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MERAKI IN ECUADOR: Students in a rural school in Ecuador that is now connected to the Internet through Meraki's technology [click here for a larger image]. Image: courtesy of Meraki
Harlem's first Starbucks, heralded as a sign of urban renewal when it opened in 1999, sits at the intersection of 125th Street and Lenox Avenue, just down the street from the historic Apollo Theater. One recent weekday morning, customers of every imaginable race and socioeconomic stratum pour through the coffee chain's doors, where a massive portrait of its most famous investor, basketball great Magic Johnson, graces one of its walls.
I grab a seat near the window and try to get on a wireless network—of the three I can see, only one is open. Seconds later I'm checking my e-mail.
It's a lucky break—for all the promises of universal Internet, finding an open network in Manhattan is about as easy as catching a cab during rush hour. Michael Lewis, chief of the budding nonprofit Wireless Harlem, plans to change that.
"Let's take a walk," he says, when he finally arrives. We head north, past a string of laundromats, dollar shops and bodegas. Ten blocks later we grab a bench in the shade of the first apartment complex to be hooked up by Wireless Harlem.
"The median income in Harlem is $35,000 a year," he says, pulling out a sleek new laptop—well below Manhattan's $47,000-a-year median income recorded in the 2000 census. "At the end of the day when people make a decision about what they're going to spend money on, it's not going to be Internet access."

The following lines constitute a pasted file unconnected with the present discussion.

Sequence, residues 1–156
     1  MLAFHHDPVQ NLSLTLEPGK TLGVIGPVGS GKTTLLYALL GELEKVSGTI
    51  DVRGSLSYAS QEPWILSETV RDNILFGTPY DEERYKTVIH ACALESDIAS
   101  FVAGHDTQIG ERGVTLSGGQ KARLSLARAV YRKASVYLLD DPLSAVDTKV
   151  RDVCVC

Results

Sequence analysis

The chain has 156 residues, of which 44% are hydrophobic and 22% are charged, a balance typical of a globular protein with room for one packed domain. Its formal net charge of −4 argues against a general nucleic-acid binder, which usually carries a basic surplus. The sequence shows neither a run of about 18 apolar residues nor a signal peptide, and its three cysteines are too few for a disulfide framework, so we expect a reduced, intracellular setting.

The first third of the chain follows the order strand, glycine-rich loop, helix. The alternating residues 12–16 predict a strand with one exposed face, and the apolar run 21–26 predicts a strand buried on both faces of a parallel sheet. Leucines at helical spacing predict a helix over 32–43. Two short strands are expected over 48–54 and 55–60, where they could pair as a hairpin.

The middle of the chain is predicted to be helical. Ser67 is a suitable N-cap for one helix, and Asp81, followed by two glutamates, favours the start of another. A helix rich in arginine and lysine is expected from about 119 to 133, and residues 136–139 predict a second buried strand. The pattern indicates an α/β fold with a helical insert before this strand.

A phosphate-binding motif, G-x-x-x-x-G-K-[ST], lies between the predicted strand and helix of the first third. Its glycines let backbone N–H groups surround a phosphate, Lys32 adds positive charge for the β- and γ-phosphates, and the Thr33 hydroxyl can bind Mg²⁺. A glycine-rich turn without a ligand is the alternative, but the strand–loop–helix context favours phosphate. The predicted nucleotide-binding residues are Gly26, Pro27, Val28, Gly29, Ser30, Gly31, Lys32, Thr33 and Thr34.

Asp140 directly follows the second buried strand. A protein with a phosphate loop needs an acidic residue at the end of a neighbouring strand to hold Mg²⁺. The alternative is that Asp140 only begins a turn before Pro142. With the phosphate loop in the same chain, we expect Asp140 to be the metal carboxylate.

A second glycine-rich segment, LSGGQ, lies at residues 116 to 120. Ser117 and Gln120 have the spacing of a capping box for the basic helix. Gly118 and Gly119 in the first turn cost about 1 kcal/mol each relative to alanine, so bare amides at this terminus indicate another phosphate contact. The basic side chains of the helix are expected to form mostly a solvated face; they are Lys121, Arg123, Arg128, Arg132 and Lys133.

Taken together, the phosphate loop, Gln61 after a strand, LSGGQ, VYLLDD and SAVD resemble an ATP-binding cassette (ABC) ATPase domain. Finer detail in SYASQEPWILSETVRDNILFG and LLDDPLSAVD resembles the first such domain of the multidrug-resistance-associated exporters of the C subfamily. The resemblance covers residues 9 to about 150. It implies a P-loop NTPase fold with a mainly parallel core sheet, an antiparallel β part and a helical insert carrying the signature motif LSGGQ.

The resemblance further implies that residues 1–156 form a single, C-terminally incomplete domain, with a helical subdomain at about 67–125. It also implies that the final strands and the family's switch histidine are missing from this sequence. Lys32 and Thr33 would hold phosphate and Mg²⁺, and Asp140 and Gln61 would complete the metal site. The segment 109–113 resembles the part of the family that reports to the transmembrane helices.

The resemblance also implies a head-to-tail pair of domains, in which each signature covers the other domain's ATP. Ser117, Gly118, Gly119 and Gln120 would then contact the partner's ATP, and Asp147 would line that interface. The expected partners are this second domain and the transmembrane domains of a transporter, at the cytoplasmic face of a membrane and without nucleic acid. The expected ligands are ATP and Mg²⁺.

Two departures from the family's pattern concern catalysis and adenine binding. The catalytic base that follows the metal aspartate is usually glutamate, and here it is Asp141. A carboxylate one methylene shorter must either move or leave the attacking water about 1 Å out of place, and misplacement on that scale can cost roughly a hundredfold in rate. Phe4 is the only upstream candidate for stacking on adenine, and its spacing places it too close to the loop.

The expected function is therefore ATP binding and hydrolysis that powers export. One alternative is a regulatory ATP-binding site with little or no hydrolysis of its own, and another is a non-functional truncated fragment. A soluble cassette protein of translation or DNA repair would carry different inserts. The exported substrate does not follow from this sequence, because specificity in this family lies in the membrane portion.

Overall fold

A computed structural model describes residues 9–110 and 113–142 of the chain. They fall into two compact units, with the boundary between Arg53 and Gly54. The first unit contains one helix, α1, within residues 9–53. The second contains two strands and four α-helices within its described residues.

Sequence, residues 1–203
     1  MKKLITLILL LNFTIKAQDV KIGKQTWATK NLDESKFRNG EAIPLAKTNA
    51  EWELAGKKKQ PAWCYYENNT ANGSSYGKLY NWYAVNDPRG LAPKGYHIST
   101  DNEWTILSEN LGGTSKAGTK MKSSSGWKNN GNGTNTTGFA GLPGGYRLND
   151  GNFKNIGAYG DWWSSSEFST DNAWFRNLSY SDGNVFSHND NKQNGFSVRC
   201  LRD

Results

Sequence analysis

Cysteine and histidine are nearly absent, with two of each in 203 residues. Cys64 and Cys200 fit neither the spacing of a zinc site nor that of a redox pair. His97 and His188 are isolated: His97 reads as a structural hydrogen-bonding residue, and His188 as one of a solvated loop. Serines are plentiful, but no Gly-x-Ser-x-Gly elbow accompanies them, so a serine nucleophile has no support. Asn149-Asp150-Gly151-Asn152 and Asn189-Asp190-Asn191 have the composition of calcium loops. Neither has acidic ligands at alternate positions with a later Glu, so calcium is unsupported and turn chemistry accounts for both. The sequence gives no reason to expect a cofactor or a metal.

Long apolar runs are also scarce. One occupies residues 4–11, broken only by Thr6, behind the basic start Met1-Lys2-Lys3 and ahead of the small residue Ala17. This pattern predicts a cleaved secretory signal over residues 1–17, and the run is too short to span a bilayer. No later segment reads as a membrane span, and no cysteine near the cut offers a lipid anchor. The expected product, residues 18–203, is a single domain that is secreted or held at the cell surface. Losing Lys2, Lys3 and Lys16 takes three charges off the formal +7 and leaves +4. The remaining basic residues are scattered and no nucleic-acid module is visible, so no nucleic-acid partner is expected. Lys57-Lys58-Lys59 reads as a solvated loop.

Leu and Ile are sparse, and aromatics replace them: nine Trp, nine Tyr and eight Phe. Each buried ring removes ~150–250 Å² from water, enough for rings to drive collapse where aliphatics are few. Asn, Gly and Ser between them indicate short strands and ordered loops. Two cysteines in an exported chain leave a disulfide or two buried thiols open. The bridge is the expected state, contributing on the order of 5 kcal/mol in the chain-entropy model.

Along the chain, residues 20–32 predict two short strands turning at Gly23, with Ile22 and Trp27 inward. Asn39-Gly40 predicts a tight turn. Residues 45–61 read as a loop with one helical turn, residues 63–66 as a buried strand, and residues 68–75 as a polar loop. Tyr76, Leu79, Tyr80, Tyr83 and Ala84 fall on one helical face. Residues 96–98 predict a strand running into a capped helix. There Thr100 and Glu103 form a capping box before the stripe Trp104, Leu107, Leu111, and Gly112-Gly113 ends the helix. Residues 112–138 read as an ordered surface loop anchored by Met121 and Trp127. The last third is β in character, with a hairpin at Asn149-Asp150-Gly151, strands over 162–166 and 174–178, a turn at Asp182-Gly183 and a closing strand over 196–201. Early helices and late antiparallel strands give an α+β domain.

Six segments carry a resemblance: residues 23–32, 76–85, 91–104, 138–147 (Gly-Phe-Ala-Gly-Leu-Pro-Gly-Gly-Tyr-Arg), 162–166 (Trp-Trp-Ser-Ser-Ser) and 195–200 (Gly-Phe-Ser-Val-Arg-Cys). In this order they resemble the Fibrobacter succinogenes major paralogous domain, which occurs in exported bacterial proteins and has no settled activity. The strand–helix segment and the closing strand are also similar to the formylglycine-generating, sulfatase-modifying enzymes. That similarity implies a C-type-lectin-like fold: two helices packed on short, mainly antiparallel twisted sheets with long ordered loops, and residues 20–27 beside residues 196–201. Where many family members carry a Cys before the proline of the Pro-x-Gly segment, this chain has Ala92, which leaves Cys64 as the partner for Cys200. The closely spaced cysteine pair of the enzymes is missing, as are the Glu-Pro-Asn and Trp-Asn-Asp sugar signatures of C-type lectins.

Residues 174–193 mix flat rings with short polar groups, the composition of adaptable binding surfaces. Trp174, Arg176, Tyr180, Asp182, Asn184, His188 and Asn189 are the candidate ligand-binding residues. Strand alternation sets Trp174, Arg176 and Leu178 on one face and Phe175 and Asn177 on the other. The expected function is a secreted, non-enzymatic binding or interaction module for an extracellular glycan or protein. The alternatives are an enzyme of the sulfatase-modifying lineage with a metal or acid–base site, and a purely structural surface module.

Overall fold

Enter Meraki. Meraki Networks, Inc., is a three-year-old company headed by Sanjit Biswas, a polite and bespectacled Massachusetts Institute of Technology student-cum-CEO on permanent hiatus from the pursuit of a doctoral degree in computer science. No one at the company ever mentions this to me—there is such a thing as being too earnest—but I later discover that meraki is a Greek word that means putting a piece of yourself into something you create; in other words, doing it with love.
The Next Billion Get Connected
There are two ways to look at the explosive growth of the Internet: One is to celebrate the fact that in the 15 years since it became commercially available, what began as an obscure military technology morphed into a global phenomenon that is regularly accessed by over a billion people. The other is to ask why the world's other five billion folks aren't online yet.
Biswas says his goal, and that of Meraki, is to "connect the next billion people." Biswas and his engineers are almost exclusively programmers, yet Meraki doesn't sell software. Instead it sells Wi-Fi hardware—relatively cheap, commodity hardware built by outside vendors. It's a combination of this hardware and Meraki's software that yields a kind of magic that Biswas believes will go viral the way few things have. His business model depends on it.
"We now have more than 1,000 networks around the world," Biswas says, "and all that growth was through word of mouth." Meraki doesn't advertise, in part because Biswas's team has been too busy to bother. "Our focus has been to create the best thing possible, and then trust that people will run with it."
Meraki's premise is as much philosophical as it is business or technological. Biswas's hypothesis is that empowering individuals to create their own networks, and perhaps even profit from them, makes it inevitable that grassroots efforts will spring up to bring wireless Internet access to areas where it is currently unavailable or prohibitively expensive.
The physical manifestation of the Meraki philosophy, the $50 Mini, is the size of two iPhones stacked on top of one another. It weighs just a few ounces, and if not for the enclosed antenna jutting out of one end, it would look like a basic phone charger. It contains less than $5 worth of components, including a few chips and a radio-frequency transmitter—essentially the same parts in every wireless router.
"If you look at the chip that we use inside," Biswas says, "It's a 180-megahertz MIPS processor—exactly the same processor that was used in those Silicon Graphics workstations that were used to render the dinosaurs in Jurassic Park in the mid '90s."